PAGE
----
The Case Against Show Reports

Now that Stereophile's reporting on the 1985 Summer Consumer Electronics Show has ended (I hope!), I would like to express strong dissent with its style and content. In fact, I believe that most of it should never have appeared in print.

I don't attach any cosmic significance to audio reviewing. It's supposed to be fun, not the source of ultimate truth. I do, however, believe that it must be responsible to both the audiophile and the industry. Subjective reviewing is one thing, but shooting from the hip is quite another. Praising or damning the sound and technology of products on the basis of a high-fidelity show set up to market products to dealers—which may or may not involve an emphasis on producing the best possible sound—is hip-shooting at best, and generally irresponsible.

First, I simply don't believe that the sound of components can be judged at a Show—even when those components are well set-up. A responsible subjective reviewer always works with a known reference system where he or she fully understands the system's limitations. This is inherently impossible at a Show. You don't have the time, you don't know the room or the associated components, many setups are designed to market well rather than sound good, many display systems are constantly upset by visitors (or salesmen), and the rooms are often crowded. Worse, a half day at a CES is enough to turn even the most sensitive and placid reviewer into a half-deaf neurotic. The CES is all push and shove, loud, harsh sound, and hard sell.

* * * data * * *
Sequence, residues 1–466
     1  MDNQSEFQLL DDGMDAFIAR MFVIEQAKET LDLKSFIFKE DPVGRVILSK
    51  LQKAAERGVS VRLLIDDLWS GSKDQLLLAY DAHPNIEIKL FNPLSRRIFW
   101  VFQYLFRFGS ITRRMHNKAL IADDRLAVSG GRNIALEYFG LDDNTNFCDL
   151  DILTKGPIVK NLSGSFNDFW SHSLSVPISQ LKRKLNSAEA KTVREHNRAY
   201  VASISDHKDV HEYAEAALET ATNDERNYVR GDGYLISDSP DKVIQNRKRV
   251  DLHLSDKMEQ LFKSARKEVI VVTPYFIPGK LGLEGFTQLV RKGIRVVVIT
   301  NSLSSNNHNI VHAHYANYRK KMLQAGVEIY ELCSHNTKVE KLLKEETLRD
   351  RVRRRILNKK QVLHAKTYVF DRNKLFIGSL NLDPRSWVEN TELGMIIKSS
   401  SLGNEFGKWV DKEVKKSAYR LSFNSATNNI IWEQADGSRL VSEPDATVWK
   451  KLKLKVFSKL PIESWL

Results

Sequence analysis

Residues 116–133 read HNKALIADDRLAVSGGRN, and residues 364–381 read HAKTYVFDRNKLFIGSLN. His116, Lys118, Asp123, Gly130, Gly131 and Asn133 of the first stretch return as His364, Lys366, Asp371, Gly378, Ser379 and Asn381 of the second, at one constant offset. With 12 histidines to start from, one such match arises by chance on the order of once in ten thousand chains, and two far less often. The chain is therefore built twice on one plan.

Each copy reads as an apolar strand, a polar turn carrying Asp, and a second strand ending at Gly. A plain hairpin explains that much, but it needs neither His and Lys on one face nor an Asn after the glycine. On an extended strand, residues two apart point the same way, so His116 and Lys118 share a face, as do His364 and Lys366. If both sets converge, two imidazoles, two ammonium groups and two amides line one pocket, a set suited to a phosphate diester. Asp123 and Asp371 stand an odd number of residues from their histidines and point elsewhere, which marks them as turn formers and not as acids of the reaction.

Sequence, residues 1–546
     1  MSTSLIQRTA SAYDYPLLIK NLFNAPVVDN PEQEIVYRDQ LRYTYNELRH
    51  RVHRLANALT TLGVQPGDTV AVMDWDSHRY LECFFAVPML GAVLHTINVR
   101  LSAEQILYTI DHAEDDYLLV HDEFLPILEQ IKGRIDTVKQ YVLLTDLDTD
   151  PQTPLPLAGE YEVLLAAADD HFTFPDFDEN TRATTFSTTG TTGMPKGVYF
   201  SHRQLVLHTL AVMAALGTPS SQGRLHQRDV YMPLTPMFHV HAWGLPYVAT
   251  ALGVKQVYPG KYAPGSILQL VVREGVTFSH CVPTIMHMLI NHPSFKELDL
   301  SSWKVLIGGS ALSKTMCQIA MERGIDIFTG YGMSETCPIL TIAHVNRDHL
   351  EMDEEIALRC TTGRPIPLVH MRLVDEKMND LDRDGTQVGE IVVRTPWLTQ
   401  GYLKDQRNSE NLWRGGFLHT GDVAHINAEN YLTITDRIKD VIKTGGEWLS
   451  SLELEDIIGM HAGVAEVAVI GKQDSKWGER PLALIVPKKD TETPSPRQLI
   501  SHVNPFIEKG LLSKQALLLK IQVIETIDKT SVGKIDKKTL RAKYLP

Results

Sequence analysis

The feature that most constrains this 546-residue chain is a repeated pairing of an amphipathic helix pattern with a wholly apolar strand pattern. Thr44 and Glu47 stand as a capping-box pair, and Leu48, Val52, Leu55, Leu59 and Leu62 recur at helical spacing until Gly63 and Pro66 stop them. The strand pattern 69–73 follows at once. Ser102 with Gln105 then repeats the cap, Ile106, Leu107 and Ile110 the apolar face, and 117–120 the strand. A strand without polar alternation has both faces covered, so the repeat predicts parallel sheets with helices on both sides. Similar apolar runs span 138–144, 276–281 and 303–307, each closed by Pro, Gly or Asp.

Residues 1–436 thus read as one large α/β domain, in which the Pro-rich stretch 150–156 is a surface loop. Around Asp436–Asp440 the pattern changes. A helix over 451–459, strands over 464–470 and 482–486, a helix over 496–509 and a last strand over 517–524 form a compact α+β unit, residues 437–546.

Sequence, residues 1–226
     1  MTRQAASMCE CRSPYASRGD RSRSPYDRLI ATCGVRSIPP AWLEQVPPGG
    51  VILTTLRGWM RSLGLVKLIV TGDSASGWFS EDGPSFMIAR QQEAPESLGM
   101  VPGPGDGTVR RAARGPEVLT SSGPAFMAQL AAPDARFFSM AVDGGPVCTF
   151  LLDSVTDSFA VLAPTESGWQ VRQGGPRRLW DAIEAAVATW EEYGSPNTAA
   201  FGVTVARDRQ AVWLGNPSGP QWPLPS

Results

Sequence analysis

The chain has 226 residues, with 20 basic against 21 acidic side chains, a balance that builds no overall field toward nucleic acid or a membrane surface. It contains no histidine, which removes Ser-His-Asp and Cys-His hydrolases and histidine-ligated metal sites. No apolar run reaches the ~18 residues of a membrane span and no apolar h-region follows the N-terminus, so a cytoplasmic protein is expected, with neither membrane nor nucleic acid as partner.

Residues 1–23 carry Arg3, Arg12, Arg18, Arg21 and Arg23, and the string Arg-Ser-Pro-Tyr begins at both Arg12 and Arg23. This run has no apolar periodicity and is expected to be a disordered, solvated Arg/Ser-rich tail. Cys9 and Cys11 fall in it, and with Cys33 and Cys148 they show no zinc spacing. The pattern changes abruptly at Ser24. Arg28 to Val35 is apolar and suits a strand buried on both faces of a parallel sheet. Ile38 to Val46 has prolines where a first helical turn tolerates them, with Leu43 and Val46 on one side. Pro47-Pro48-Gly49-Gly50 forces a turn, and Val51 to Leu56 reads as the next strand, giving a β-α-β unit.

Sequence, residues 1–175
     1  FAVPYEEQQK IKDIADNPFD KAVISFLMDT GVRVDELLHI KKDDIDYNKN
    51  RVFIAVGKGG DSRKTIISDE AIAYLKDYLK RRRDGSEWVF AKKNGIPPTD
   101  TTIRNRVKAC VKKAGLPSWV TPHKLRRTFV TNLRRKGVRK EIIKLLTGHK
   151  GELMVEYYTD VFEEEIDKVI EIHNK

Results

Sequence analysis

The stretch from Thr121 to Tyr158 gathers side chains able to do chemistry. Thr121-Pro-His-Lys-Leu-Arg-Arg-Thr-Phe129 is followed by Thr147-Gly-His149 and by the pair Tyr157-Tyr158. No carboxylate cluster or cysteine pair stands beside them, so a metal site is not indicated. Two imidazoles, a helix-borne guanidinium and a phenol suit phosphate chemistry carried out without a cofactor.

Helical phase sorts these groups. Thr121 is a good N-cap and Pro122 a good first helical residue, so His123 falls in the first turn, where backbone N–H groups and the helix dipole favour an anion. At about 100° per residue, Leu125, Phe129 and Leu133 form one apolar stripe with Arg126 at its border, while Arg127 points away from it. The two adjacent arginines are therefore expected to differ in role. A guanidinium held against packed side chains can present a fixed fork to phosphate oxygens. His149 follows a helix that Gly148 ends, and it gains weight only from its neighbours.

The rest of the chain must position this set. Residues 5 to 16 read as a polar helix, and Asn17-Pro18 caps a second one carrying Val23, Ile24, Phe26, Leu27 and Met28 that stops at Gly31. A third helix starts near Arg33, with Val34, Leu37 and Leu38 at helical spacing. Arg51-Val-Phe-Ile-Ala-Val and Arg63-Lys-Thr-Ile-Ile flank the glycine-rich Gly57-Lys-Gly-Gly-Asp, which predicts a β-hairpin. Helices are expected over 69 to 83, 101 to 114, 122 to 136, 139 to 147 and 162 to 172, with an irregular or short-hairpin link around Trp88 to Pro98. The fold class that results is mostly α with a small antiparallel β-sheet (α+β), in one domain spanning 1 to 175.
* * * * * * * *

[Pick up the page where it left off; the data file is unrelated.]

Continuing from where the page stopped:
A responsible reviewer also takes the time to talk to manufacturers, to make sure he or she fully understands the product. This is sometimes possible under show conditions, but not often; most manufacturers have to concentrate on selling. They can't take off a few hours to humor a reviewer, even if the reviewer will sit still and pay attention. It's certainly possible to pick up enough information to write a "gee whiz" listing of interesting new products, as long as you stop at the right places. But when it comes to saying one product or concept is right and another wrong, on the basis of a CES visit, you'll be as likely to praise bad products and damn good ones as the reverse.

Further, shows are filled with products (read prototypes) rushed to completion two days before the show; some are even nonworking dummy boxes. Many show displays include products that will never be marketed, particularly in the form shown at the CES. Such products may be the product of designer exhaustion, or may have been tweaked and tuned to a level never to be evidenced in a production version. Responsible reviewers do not review prototypes for the very good reason that they are not what the consumer buys.

These comments apply all too clearly to the CES surveys in the last two issues of Stereophile. Far too much of the writing was highly controversial hip-shooting, wrong, or demonstrated a failure to understand what a CES really is—and its acute acoustic limits. In fact, I feel it was some of the worst reporting that has ever appeared in this magazine.

Further, I think the time has come to downplay puffery and gee-whiz reporting on audio products as much as possible. Far too much audio reporting deals with products that never reach the market, with technologies that, after their brief rage, leave behind another group of burned (and often burned-out) audiophiles. Finding the best products for the audiophile is not necessarily a matter of what is new, but of what is good—and what is real. This requires careful, systematic listening and reviewing of finished products that can be purchased from more than a handful of dealers.

Let the reader beware. Taking any of our "reviews" of CES equipment too seriously can be dangerous to both the ear and the pocketbook!—Anthony H. Cordesman

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